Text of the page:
An Indiana man convicted of shooting and killing his roommate will not be granted habeas relief after the 7th Circuit Court of Appeals determined the man did not receive ineffective assistance of counsel just because his attorney did not pursue an insanity defense.
After David Frentz stopped drinking alcohol on the advice of his doctor, he began to complain of hallucinations. Concerned about Frentz’s mental state, his friend, Carl Brock, began calling Frentz repeatedly on Jan. 23, 2005 and reached him at 3:30 a.m. the following morning.
During the early-morning phone call, Brock heard Frentz yelling at Zackary Reynolds, his roommate. Frentz later called 911 and told police multiple people had broken into his house and were shooting off guns, injuring a friend in the chest.
However, officers found no sign of any traffic outside the home when they arrived. Instead, they found Frentz, who looked disoriented, an assault rifle and Reynold, who was dead after having been shot three times at close range.
Once he was taken into custody, Frentz gave varying accounts of the shooting to police and fellow inmates, including admitting to purchasing drugs the weekend of the shooting. He was ultimately charged with Reynolds’ murder, as well as related drug charges, and filed a notice to pursue an insanity defense.
However, Frentz’s counsel later chose to withdraw an expert witness set to testify as to Frentz’s mental state, effectively ending the insanity defense. But his counsel did present some evidence at trial to support an insanity defense, including the fact that he told Brock he had been hallucinating the night before the shooting.
The jury found Frentz guilty as charged, and the Indiana Court of Appeals affirmed. The appellate court also affirmed the denial of his petition for post-conviction relief, finding he had not received ineffective assistance of counsel.
Frentz then petitioned for habeas relief, which the U.S. District Court for the Southern District of Indiana rejected. Though Frentz raised multiple arguments in his petition, the 7th Circuit Court of Appeals chose to address only one on appeal: whether his counsel was ineffective for not pursuing an insanity defense.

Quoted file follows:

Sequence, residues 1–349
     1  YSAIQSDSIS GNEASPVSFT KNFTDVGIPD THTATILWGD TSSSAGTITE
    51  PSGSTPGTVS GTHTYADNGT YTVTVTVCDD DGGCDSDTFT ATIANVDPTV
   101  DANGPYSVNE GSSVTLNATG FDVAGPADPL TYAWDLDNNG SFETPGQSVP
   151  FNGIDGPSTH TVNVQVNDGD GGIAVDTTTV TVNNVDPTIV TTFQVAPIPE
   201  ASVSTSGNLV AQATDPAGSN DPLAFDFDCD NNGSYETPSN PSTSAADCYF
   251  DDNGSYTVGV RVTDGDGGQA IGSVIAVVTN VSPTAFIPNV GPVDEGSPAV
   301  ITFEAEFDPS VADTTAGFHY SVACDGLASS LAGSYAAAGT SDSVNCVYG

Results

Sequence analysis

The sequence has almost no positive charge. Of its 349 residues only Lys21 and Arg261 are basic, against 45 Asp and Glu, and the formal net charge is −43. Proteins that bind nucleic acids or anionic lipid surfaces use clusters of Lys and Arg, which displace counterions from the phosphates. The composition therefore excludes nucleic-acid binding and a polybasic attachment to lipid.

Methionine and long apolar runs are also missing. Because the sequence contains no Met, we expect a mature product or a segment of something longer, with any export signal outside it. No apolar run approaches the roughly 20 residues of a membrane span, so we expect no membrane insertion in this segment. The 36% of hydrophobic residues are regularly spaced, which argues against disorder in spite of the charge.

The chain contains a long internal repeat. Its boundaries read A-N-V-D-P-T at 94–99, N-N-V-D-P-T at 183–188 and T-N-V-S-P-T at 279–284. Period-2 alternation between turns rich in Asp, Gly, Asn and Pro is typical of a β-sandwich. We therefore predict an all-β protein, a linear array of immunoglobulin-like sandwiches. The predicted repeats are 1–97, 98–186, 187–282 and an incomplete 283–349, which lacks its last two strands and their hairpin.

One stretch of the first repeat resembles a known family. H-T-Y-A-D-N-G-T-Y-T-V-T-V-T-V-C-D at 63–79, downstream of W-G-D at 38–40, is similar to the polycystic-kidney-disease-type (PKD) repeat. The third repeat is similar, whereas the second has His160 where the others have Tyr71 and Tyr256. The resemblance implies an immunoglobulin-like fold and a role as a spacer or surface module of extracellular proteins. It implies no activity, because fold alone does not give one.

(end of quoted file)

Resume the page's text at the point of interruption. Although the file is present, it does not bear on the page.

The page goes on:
The circuit court upheld the denial of Frentz’s petition in a Wednesday decision in David Mark Frentz v. Richard Brown, 15-33479. Judge Sara Darrow, sitting by designation on the 7th Circuit bench from the Central District of Illinois, wrote for the appellate panel that counsel’s decision not to pursue the insanity defense was a permissible strategic decision.
Specifically, Darrow said the expert set to testify as to Frentz’s mental state could offer “no further opinion” as to whether he was suffering from hallucinations when he shot Reynolds. Further, Darrow noted Frentz changed his story several times, which indicated a cover up, not confusion.
Finally, the 7th Circuit determined Frentz was not prejudiced by his counsel’s decision not to pursue an insanity defense, considering his attorney did present evidence of his decision to quit drinking and his subsequent possible hallucinations.
“It is difficult to see how the addition of (an expert’s) … medical analysis of such symptoms would have lent more weight to counsel’s argument, or how a jury, given the added option to find Frentz not guilty by reason of insanity, would have done so on the strength of just this evidence, when, in the event, that same jury did find him guilty of a knowing or intentional killing,” Darrow wrote.